If a group doesn't exist, then RWJF just creates and funds it.  For example - Tobacco-Free Kids.  A brilliant marketing strategy.  After all, who wouldn't want kids to be tobacco-free?  RWJF created and funded Tobacco-Free Kids [xiv] (TFK) with $84,000,000 in start-up money.  In 2000, TFK drafted the core principles for the World Health Organization's Framework Convention on Tobacco Control.  In fact, interveners for the Master Settlement Agreement [xv] have all received funding from RWJF (ACS, AHA, ALA, Americans for Nonsmokers' Rights [xvi][xvii], the National African American Tobacco Prevention Network [xviii]).   The Master Settlement Agreement was originally to settle states' Medicaid lawsuits against the tobacco industry for recovery of tobacco-related health care costs [xix].  It has evolved into lobbying states to spend the money on smoking cessation, quit lines and giveaways of nicotine replacement products, such as patches and gum.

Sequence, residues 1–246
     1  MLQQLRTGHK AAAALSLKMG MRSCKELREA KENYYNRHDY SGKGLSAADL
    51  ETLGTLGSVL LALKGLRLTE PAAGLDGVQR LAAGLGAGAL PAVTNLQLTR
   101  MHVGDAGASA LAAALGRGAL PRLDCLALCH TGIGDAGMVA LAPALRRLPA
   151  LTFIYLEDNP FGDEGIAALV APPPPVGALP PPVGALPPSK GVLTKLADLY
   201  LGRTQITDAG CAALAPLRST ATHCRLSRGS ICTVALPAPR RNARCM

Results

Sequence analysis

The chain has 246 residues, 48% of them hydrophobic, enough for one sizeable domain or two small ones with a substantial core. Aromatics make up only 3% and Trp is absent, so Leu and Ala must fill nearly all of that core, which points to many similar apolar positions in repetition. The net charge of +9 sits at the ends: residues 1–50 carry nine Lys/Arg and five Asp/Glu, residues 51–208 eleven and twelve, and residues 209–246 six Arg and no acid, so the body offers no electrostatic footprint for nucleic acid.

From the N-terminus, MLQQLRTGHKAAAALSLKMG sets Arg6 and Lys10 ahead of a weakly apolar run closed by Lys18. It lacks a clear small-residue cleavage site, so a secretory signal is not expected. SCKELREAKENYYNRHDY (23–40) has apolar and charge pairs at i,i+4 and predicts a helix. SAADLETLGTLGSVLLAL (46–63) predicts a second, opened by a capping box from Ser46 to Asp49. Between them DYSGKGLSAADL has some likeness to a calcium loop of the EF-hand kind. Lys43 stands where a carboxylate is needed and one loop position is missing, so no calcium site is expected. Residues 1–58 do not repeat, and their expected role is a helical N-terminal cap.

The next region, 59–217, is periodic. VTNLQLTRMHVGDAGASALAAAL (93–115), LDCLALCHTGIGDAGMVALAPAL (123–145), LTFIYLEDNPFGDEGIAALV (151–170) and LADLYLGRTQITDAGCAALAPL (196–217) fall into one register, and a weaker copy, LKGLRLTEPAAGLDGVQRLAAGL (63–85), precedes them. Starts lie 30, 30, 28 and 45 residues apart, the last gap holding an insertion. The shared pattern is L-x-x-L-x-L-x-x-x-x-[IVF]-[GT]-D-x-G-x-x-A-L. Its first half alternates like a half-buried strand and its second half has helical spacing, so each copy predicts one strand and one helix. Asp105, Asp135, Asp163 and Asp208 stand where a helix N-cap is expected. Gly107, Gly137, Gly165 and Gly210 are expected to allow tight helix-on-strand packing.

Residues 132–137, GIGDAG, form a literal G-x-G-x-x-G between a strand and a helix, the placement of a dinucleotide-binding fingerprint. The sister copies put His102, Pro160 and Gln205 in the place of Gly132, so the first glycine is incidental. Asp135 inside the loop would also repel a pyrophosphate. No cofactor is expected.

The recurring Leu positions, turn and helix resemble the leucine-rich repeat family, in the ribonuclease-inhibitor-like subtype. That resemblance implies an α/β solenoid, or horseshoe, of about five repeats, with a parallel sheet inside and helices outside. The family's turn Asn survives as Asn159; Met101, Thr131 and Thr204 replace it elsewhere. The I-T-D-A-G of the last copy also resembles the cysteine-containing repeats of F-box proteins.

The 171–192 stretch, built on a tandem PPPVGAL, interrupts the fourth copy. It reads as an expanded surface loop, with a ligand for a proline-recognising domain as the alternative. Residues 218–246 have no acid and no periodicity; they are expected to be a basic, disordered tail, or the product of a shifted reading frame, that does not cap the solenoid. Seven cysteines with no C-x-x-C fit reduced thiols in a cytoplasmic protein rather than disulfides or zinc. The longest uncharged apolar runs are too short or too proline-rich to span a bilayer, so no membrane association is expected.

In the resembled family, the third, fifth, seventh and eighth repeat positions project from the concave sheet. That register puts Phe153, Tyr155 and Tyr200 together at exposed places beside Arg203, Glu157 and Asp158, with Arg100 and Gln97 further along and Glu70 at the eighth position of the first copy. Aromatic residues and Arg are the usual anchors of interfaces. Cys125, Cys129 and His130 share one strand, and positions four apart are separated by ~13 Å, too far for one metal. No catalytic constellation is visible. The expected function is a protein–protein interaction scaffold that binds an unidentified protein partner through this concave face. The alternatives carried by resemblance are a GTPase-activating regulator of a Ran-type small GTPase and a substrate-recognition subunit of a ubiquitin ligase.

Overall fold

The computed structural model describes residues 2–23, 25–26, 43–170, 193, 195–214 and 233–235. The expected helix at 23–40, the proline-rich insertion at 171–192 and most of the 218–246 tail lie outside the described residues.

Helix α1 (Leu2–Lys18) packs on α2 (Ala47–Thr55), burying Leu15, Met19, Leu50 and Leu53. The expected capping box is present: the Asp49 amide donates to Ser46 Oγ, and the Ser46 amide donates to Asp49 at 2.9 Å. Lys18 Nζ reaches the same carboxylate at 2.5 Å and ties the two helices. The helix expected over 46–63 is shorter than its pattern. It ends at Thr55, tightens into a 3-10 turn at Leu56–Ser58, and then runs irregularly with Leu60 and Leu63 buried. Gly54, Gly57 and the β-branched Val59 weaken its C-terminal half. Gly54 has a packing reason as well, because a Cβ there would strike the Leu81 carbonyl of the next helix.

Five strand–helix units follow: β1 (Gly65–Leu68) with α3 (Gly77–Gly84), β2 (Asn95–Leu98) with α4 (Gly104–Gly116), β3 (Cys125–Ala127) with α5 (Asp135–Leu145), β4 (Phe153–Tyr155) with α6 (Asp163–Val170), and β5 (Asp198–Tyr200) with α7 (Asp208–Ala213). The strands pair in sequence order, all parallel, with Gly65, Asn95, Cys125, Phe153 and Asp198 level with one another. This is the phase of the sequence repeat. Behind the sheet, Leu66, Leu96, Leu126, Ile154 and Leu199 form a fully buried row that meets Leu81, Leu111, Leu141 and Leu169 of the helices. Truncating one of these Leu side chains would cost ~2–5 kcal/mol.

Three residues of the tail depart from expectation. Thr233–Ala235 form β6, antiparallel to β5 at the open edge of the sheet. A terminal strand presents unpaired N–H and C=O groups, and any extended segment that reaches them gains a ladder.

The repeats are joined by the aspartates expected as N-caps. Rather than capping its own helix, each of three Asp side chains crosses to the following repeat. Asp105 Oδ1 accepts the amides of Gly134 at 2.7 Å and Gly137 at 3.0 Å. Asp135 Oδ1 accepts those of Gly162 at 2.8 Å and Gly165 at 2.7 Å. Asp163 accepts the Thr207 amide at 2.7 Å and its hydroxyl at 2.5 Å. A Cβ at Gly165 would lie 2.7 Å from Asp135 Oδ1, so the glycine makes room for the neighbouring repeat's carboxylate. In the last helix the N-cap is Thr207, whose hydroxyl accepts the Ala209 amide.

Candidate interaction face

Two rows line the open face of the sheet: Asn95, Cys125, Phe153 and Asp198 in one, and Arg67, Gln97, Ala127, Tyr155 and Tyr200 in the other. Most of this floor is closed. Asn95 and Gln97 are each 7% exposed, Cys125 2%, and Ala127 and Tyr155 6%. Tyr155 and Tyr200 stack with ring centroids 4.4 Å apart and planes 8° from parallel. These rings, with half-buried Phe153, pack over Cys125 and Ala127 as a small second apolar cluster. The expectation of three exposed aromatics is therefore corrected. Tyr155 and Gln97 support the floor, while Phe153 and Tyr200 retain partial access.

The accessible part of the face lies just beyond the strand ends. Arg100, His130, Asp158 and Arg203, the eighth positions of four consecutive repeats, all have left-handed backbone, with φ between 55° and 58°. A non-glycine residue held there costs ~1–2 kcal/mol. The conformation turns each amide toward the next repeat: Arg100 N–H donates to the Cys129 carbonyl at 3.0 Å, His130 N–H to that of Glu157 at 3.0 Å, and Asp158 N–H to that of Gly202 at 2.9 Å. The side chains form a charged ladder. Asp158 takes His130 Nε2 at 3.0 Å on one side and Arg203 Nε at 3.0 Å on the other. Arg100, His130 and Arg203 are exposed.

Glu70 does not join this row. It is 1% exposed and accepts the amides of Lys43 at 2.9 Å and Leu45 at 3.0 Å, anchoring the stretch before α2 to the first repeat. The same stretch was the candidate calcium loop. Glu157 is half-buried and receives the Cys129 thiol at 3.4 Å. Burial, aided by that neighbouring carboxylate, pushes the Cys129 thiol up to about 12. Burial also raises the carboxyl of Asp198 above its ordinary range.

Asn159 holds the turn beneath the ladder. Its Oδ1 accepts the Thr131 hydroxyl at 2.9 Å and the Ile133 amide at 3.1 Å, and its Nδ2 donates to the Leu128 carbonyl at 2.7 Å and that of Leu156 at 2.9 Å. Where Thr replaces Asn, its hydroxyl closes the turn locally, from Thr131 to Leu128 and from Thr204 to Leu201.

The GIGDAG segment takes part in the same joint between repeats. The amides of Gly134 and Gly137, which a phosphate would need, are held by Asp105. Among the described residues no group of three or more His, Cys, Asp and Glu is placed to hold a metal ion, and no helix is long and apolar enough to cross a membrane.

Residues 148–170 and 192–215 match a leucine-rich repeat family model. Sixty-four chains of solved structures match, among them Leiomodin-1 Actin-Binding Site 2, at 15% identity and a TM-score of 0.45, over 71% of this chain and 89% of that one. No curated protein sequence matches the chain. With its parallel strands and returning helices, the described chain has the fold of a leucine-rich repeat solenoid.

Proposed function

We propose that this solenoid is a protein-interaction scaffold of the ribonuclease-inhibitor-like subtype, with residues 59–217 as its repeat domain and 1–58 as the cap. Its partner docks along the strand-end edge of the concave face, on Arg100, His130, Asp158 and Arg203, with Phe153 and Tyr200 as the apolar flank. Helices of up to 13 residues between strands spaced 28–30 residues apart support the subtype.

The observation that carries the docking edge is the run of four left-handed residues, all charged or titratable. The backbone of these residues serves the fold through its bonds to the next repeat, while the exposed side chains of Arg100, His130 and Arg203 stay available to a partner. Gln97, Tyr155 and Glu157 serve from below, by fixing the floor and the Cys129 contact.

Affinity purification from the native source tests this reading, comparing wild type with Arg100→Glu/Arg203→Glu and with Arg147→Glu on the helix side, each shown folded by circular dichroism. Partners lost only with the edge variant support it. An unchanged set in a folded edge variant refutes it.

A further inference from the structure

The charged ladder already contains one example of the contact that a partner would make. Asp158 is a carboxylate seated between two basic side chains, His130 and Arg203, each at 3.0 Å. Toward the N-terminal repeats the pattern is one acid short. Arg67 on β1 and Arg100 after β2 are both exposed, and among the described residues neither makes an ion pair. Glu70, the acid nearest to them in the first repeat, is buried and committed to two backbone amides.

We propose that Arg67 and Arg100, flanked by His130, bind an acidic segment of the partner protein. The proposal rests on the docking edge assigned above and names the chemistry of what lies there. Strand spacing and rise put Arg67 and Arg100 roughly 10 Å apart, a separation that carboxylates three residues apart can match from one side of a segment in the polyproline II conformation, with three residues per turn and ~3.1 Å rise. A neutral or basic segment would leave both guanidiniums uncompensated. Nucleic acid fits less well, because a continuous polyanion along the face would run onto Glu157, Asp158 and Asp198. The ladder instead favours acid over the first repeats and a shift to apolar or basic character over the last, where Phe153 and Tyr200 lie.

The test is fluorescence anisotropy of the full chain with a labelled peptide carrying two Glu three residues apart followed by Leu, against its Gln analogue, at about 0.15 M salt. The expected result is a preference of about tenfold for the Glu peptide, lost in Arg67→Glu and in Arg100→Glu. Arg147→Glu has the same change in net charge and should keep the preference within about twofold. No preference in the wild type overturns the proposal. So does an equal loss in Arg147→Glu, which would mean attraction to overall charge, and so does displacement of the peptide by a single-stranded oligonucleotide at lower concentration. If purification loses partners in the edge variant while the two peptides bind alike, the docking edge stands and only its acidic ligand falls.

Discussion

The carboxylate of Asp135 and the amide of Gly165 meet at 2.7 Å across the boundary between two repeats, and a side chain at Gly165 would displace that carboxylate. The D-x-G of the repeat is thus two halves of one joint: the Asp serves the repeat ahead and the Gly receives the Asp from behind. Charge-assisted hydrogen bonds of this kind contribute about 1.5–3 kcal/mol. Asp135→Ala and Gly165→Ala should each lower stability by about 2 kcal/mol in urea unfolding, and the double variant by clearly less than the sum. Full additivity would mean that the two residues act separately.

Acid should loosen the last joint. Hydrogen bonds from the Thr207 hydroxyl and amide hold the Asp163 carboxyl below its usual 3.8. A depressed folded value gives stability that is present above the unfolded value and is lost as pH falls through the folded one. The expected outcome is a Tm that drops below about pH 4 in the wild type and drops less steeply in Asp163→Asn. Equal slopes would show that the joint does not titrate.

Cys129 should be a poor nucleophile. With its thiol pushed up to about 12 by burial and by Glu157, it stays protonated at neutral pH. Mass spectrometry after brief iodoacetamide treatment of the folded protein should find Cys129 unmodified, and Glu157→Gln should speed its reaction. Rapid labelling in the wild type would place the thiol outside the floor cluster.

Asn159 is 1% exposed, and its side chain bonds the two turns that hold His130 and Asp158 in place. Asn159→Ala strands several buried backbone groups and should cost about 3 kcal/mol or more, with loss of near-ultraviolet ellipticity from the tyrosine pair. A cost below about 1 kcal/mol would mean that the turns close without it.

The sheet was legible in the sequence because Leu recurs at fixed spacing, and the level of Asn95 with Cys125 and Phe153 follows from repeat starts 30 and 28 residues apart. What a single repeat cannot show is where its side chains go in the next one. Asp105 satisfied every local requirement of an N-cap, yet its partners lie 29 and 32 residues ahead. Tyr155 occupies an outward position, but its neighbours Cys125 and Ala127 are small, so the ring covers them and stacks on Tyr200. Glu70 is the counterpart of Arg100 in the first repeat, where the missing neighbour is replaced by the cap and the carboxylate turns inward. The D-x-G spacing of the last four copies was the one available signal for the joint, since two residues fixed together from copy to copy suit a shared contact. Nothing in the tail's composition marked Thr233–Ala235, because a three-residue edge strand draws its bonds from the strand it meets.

Monday, May 16, 2011

Proposed e-cigarette regulation sets off a spark

Tacoma, WA - The Tacoma-Pierce County Board of Health may have been surprised Monday night by the crowd that filled their meeting room, waiting for their chance to speak regarding proposed regulation changes to the Environmental Health Code.
One particular proposed regulation, "Environmental Health Code, Chapter 9: Restrictions on Sale, Use and Availability of Electronic Smoking Devices and Unregulated Nicotine Delivery Products," has sparked controversy because it "prohibits smoking and the purchase of e-cigarettes and other unregulated nicotine delivery products by youth under age 18, disallows e-cigarettes to be used in public places and anywhere that regular cigarettes are prohibited and prohibits free or heavily discounted e-cigarettes."